Yesterday, being my birthday, was celebrated in a tripod stand on the west side of my place. Seeing nothing right at sunup, at 7:15 there was a nice buck trotting along just outside of the fence thatâ€™s the property line. Giving him a couple of grunts it looked like he went on his way, but not 5 minutes later he showed up right along the fence, looking for the buck that challenged him.
It looked like he was looking my way so I froze, but my rifle was on my shoulder, half way into firing position. Being able to see him through the scope, he was nestled behind a mesquite and if I shot there was a good chance the bullet would be deflected, so he trotted on, never knowing how close he came to being a roast for Thanksgiving!
Right at 7:45 here came a young 6 pointer, previously â€œshotâ€ at the corn feeder. Heâ€™s the one with the long brow tines on the left of the "shot" and Iâ€™m glad heâ€™s made it this far into the season because next year, heâ€™ll be a real shooter! He sauntered up to a cedar tree, rubbed his pre-orbital gland on the spines then peed on his tarsal glands, marking his rub. This was classic, but I had decided that I wouldnâ€™t try to take a picture or video because yesterday morning I was out for meat, not good pictures.
The weekend wasnâ€™t a loss because Colton and his girlfriend, Lauren, hunted Saturday afternoon and they scored with 2 doe, making our total 3 doe and 2 spikes. We need to take at least 3 more doe and 3 spikes so for the midpoint of the rut we can concentrate on the big ones.
Planning on going out yesterday afternoon, my plans were changed by the weather, because we were under a severe thunderstorm warning beginning at 6:00 PM. Opting on passing up the hunt, not wanting to get hailed on, large hail was predicted, so I called it a day. For the past 18 months, weâ€™re way behind on rainfall so any will be appreciated, even the hard variety!
Posted by Jon Bryan in Hunting at 08:05 | Comments (0) | Trackbacks (0)
Sunday, November 20. 2011
At my hunting lease outside of Millersview, Randy, Paul Culbertson, Son and Son-In-Law in order, and I, along with Sonny and Red, had just put up a nice bevy of quail, 15 or more, had knocked down 3 on the rise and were going after the main bunch that had fanned out over 300 yards ahead of us. We were in no hurry to press the quail, let â€˜em spread their scent around, so we took our time and off to my right I saw a deer horn poking above the knee high grass. Always alert for sheds, better to use for rattlinâ€™, I ended my quail chase and sauntered over to check the horns out.
Closer inspection revealed they were still attached to a, recently shot, now dead, but not smelling yet, buck. It was plain that it had been gut shot, it was hit right in the middle, very poor shot placement, but not wanting to miss out on the fast singles action that lay ahead I made a hasty triangulation of land marks. Marking a shin oak grove, a lone mesquite tree and a distant butte, I went on after the birds.
Some excellent dog work from Sonny and Red, helped us to collect 3 more cock birds and taking a break from the action, I told the boys about my earlier find and the huge horns! Both were anxious to walk back and see the buck, but as we walked, we figured out we didnâ€™t have a saw, nor was there one in the truck. Finding the buck was easy, but after the oohing and aahing, we could figure no way to collect the horns, so I decided to come back the next Saturday with a saw and by then I would need a mask too!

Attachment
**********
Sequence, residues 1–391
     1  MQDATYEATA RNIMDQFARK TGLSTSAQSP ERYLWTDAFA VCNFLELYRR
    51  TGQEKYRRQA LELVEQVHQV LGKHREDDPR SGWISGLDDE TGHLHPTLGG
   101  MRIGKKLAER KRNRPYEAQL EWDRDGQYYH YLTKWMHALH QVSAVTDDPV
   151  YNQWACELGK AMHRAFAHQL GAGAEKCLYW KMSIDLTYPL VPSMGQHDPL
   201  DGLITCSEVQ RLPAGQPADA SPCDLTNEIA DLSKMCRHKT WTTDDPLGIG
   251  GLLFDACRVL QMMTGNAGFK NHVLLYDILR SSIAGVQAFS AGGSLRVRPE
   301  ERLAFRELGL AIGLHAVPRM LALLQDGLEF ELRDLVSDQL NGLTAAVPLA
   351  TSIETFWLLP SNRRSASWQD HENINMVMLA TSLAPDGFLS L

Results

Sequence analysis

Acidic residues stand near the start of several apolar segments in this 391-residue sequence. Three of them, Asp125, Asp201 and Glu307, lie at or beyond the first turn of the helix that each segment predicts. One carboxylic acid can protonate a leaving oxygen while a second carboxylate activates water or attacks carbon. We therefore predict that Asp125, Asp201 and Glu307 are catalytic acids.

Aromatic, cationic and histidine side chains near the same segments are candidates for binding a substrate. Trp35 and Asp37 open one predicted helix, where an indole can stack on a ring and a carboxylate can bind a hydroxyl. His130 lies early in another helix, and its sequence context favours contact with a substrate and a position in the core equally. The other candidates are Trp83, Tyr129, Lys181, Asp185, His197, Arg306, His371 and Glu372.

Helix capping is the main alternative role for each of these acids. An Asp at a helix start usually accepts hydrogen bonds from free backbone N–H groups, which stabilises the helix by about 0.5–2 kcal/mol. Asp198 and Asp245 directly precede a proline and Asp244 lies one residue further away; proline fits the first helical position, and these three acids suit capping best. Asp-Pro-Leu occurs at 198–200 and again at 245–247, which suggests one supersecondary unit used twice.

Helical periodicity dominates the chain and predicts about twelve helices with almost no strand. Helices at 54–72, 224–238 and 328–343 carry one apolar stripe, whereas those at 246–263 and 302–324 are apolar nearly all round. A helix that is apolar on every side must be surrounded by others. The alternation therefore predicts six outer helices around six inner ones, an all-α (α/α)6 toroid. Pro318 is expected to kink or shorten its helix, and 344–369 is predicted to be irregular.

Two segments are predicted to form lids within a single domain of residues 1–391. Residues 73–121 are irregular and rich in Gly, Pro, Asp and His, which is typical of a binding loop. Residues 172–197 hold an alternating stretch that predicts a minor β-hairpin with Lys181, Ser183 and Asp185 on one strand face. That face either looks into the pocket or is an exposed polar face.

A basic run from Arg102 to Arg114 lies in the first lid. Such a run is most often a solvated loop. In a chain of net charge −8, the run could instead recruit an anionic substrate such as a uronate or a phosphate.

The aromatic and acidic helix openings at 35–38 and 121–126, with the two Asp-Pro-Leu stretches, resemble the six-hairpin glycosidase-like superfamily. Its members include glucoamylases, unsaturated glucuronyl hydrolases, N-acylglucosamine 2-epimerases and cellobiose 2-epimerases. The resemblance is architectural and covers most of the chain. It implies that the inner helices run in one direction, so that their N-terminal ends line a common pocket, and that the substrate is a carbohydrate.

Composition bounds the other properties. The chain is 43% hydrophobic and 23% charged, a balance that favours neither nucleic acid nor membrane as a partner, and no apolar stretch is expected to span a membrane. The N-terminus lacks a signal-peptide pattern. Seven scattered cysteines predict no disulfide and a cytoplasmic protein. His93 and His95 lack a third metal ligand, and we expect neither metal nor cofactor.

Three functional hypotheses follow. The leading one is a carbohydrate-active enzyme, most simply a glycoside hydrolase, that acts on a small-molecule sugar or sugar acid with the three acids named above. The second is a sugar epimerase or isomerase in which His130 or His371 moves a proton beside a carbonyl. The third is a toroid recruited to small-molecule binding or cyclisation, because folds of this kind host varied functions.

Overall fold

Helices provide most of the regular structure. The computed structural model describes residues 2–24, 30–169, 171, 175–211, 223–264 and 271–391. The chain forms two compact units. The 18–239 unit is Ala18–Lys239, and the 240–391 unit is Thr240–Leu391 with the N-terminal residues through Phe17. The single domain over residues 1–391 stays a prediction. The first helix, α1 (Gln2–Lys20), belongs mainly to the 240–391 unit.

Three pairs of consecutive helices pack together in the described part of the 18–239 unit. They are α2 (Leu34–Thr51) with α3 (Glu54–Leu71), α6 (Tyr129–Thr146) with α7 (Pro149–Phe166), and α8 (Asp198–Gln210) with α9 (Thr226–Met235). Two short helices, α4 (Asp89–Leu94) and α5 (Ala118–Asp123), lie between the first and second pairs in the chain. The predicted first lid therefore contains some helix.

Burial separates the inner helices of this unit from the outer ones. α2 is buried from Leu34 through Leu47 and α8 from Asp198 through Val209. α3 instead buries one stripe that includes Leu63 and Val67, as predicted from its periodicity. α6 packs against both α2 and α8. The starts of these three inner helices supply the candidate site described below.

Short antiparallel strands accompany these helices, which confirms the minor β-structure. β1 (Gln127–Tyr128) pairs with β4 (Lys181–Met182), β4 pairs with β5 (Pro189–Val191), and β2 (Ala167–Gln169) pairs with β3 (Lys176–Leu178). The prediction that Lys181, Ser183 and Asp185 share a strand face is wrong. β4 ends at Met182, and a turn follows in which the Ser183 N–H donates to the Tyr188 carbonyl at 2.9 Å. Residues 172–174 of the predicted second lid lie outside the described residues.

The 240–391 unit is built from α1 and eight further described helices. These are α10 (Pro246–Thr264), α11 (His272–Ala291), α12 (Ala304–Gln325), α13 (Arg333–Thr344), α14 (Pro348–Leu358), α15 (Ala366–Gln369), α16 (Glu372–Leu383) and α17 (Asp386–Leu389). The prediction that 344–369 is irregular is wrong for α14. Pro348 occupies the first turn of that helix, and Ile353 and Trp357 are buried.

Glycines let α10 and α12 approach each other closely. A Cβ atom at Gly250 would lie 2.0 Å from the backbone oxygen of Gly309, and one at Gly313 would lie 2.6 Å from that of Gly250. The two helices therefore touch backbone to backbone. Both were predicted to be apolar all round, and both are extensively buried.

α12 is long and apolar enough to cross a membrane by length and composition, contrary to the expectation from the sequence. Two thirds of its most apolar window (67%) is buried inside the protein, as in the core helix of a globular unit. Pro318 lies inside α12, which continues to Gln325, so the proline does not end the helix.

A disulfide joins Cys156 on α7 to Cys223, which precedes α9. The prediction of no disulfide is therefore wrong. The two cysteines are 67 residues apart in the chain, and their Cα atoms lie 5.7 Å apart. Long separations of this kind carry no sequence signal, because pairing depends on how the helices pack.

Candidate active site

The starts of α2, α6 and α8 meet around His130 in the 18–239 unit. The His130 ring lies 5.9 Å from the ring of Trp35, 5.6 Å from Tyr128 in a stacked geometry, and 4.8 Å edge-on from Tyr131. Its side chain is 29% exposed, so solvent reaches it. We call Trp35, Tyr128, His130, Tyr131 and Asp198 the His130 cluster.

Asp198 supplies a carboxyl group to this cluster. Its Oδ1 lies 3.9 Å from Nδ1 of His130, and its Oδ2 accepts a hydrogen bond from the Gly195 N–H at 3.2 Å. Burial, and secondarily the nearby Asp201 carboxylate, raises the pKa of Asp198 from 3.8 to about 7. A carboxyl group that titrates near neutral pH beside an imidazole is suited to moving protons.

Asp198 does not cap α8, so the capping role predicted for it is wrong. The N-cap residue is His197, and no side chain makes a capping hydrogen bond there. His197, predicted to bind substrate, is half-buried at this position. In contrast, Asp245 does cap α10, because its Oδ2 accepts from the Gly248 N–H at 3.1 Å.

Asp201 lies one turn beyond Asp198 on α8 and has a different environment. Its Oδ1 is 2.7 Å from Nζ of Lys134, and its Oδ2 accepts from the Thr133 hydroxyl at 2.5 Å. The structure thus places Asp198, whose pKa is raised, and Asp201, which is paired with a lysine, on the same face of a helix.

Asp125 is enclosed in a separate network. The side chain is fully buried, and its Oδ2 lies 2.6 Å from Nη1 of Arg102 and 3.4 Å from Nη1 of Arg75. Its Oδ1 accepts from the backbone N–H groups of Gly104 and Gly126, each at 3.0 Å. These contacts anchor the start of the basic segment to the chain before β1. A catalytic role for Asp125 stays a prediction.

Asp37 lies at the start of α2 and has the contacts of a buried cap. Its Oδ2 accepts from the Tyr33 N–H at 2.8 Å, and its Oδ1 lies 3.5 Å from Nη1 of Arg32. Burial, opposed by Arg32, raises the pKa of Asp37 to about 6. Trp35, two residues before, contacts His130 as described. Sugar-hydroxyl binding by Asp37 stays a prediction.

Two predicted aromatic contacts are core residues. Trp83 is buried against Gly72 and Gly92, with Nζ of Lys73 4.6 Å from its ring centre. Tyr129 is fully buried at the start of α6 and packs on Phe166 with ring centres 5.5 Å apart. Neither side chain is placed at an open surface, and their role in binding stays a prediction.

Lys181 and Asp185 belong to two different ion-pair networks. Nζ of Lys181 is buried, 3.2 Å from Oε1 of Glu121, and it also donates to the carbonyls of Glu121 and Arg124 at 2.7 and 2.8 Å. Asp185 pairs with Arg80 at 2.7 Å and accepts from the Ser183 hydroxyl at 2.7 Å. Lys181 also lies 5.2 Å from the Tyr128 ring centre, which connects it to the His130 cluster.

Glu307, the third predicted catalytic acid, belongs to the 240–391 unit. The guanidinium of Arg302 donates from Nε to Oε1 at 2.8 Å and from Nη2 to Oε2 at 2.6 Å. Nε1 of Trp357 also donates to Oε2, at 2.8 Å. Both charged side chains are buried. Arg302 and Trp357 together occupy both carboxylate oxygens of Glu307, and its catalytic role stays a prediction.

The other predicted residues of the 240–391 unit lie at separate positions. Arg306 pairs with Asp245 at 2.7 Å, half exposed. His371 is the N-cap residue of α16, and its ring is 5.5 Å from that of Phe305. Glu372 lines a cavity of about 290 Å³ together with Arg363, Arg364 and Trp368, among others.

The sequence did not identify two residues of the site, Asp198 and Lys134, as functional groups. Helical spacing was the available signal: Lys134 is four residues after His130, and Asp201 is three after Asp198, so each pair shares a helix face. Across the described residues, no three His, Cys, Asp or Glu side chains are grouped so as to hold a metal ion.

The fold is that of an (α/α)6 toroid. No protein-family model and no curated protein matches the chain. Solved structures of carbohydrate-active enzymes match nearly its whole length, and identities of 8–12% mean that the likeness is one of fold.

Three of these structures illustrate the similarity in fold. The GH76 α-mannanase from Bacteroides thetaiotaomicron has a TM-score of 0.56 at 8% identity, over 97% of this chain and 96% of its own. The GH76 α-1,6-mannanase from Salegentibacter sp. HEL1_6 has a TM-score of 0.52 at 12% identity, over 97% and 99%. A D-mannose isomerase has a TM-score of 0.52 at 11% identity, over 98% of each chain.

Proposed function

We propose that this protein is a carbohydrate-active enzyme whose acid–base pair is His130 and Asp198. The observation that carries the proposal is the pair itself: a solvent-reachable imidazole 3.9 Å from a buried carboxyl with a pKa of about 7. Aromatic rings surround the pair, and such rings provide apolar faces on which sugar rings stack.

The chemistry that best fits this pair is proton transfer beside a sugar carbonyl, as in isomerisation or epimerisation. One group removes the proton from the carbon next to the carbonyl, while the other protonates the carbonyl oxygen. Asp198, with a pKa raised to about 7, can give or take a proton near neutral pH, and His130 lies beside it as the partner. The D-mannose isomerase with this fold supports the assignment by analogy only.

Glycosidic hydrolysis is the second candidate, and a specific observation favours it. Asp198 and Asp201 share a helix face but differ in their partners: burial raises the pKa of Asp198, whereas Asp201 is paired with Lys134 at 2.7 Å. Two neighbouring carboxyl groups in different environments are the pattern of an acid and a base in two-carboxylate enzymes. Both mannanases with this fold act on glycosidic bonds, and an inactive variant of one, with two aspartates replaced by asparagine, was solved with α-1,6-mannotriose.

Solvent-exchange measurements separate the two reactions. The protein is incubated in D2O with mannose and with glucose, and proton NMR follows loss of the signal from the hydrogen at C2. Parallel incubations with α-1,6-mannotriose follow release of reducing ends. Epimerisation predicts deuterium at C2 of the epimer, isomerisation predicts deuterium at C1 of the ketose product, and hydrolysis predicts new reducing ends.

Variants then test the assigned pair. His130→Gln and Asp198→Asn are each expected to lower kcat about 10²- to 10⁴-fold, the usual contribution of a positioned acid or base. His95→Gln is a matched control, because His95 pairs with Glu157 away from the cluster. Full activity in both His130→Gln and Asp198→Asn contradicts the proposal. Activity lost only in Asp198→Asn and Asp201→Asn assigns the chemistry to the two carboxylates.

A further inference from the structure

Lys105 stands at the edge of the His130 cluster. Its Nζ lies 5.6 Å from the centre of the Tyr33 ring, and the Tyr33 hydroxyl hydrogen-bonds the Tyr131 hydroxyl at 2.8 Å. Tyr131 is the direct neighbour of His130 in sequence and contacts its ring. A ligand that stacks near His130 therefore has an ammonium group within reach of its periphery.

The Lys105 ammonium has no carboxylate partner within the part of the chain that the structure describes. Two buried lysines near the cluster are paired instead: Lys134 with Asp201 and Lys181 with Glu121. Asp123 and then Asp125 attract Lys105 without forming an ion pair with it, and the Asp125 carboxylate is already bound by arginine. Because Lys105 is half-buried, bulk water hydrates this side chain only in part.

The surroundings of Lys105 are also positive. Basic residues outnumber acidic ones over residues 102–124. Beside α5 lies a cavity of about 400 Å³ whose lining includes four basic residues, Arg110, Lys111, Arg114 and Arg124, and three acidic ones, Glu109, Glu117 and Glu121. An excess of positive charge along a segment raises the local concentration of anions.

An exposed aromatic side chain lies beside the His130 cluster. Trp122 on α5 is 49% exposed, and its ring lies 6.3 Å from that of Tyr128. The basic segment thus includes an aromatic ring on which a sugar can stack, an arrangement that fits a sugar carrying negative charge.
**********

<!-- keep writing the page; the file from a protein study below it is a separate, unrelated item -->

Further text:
The next Saturday, Randy, Brad, Paul and I, along with Sonny and Red began our quest for the horns, but not before collecting 3 quail pointed by the dogs. Hunting into the wind, finding the buck was easy, we just followed the scent, no need for the landmarks, and after donning face masks, began hacking with the saw. The horns, pictured below, were still huge!
After securing the horns, back in Houston the next week I called each lease member and asked them if they had shot at, wounded or missed a good buck. Each man said that for the past several weeks they hadnâ€™t even fired a shot. My boys and I believed the buck was gut shot on an adjoining lease, jumped the fence on to our lease, died a slow, painful death and we wondered about the true story of this great buck, who shot him and didnâ€™t even have the courtesy to ask our rancher for permission to look for their trophy!
Two weeks after collecting the horns, the hunters (AKA tenderfoots) on the adjoining lease flagged me down while I was chasing quail and asked me if they could cross over to look for a deer they had shot (shot at, I thought). â€œOf course,â€ I said to them, adding, â€œLeave your guns on your side of the fence, but come on over and Iâ€™ll help you.â€ The blood trail was light, soon disappearing, but we looked for 2 more hours with no luck, so I helped them back over the fence and they went on their way. After the search, I believed that I had figured what had happened to the trophy buck.
For 3 years the horns graced the horn wall in our old ranch house, then I took them down to my friend Warren Blesh, owner of RRR Ranch, and an official B&C scorer, to have them scored. Scoring them he found they hit 160-1/2 gross and netted 157-1/4. He told me that anything over 130 was considered a trophy and that I should round up a deer head, attach the horns and have a real, good one hanging on the wall! Another friend and softball buddy, Mickey Donahoo, also a taxidermist, said he could take a caped deer and add these horns adding that he would even come over and cape one for me! I canâ€™t beat that!
Posted by Jon Bryan in Hunting at 15:15 | Comments (0) | Trackbacks (0)
Thursday, November 17. 2011
The previous May, having retired to my ranch outside of Goldthwaite, Texas, I was looking forward to, and planning on a bang up deer season, but as Robert Burns, the Scottish poet said, â€œSometimes our plans falter and go astray.â€ Before the season I had spotted some real nice bucks, but the first rut cycle ended for me without a clear shot.